I think the advice given is sound. Feed them well and make them comfortable, and they will eventually do what they were born to do.

    Happy trails!
     
    3 people like this.
  6. MeepBeep

    MeepBeep Chillin' With My Peeps

    The layer feed won't necessary 'hurt' them in the short, but just the same I recommend a non-calcium fortified feed like chick starter/grower or an all flock feed until they actually start laying... I actually don't use a layer feed at all since I have a mixed flock and the calcium can cause health issues to the males....

    As for a light if you want that won't hurt, but do it safe... I recommend an under the cabinet fully enclosed florescent light on a timer... Have it come on about 14.5 hours before sunset in your area (so 2:30am) and go off whenever you open the coop for the day or at say noon if you know you will always let them out before noon, adjust the timer every 2-4 weeks as the sunset changes... Doing it this way they will return to roost with the natural sunset...

    Also it's best to only increase light about about 20-30 minutes a day, but since you birds are not laying anyway it won't really hurt much to bump them up faster...

    http://lightsofamerica.com/Products/7000.aspx
    http://www.walmart.com/ip/Good-Choice-24-Hour-Lighting-Timer/17279123
     
    Last edited: Dec 1, 2014
    1 person likes this.
  7. Naser

    Naser Chillin' With My Peeps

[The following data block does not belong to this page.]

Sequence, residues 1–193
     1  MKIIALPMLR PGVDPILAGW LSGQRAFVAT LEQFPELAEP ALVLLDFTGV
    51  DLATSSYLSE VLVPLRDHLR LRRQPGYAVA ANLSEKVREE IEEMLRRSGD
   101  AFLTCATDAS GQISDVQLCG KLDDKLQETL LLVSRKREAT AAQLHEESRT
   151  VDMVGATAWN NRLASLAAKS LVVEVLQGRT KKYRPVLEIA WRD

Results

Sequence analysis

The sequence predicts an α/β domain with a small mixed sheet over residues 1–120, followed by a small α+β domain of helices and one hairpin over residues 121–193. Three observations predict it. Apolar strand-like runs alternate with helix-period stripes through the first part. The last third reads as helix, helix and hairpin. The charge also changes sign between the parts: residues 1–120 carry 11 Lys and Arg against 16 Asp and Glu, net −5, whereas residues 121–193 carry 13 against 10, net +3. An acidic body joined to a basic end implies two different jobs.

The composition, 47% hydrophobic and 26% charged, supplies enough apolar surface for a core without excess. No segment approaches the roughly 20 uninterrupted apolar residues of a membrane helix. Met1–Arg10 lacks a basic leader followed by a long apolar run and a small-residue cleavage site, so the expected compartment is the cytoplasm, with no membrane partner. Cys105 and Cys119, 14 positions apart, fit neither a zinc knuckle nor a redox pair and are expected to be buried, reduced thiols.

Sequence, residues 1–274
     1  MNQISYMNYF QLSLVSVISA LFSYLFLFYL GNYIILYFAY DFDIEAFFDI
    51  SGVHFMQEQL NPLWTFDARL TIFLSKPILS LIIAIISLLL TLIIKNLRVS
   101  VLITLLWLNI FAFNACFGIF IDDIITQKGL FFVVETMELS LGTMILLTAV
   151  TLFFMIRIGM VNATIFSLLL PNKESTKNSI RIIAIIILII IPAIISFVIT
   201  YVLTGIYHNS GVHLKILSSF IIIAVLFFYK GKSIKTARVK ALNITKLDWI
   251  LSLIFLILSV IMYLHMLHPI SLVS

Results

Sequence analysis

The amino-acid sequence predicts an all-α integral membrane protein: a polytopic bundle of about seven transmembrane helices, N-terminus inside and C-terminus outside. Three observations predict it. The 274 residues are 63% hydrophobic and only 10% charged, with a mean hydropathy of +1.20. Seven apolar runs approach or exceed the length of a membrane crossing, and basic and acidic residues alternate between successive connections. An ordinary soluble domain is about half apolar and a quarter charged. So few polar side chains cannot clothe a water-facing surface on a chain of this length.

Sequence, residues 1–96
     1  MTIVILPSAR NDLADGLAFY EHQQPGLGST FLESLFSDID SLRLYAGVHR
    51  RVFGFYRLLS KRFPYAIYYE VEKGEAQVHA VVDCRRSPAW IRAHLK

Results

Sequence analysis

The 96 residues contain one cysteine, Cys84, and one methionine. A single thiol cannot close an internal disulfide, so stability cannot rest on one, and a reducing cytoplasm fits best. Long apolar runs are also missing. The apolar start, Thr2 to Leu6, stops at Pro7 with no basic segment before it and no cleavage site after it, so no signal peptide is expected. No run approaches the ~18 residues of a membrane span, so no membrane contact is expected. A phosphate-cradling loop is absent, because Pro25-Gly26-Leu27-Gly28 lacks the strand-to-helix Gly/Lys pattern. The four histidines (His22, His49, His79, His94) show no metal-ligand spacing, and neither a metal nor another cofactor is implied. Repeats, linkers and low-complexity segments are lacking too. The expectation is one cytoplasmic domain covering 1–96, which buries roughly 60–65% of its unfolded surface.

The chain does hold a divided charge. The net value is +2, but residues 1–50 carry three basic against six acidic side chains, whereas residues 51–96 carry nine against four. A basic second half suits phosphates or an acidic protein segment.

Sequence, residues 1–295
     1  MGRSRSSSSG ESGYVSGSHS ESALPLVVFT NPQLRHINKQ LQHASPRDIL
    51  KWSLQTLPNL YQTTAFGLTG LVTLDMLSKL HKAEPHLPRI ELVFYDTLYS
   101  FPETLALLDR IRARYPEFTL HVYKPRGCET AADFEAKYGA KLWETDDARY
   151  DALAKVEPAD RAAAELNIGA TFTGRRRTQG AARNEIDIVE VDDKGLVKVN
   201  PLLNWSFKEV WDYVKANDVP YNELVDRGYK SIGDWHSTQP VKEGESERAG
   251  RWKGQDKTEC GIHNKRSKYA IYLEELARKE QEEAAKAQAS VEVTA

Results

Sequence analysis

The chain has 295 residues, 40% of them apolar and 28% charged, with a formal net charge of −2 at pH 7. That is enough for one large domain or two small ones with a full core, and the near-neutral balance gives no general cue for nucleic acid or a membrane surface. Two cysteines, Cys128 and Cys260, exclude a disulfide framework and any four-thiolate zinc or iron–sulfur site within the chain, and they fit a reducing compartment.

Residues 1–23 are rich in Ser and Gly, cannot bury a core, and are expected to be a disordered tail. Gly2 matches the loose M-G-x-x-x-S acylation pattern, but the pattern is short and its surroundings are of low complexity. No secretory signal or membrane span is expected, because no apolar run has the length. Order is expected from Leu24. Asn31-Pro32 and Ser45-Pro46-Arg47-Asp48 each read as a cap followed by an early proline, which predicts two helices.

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    They are at very good age. for now feed them growers pellets. I am optimistic they will start laying in a few weeks. when they do put them on layers pellets. it wouldn't be a bad idea to warm them now. If you put light they well lay sooner but if you wait they will lay anyway.
    What breed are they ?. some breeds lay better than others.
     
  8. chicnewbie6

    chicnewbie6 New Egg

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    Dec 1, 2014
    Stafford, Virginia
    All 6 are RIR's
     
  9. azygous

    azygous Chicken Obsessed

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    You have six pullets that will, no doubt, be starting to give you eggs sometime in the next four to six weeks. All you really need to do now is restore their health as quickly as you can. If it were me, I would treat them as chicks and buy a small sack of NONE MEDICATED chick starter. None medicated because you do not want these drugs to show up in their eggs and they're very close to point of lay. The chick starter has all the nutrients they need to get in shape to start laying. Make sure you supply them with some oyster shell on the side. The closer they get to laying, you'll see them begin to hit that oyster shell like it was sardines on the hoof.

    If they begin to lay before the chick starter is gone, mix in some layer feed with it and it'll help them make the transition to the new feed. It won't taste as rich to them as the chick starter, but they'll get used to it.

    MeepBeep has a very good suggestion on the lighting. I'd go with that, and perhaps you'll have eggs by the New Year! Be aware, though, you'll probably see small eggs to begin with, and each day they get a little bigger, until after a couple of weeks, they'll be full size. I like to call them "starter eggs"!
     
  10. CHICKLOVER69

    CHICKLOVER69 Chillin' With My Peeps

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    Mine are about 18 weeks and got my first eggs today. 5 to be exact. I have 9 pullets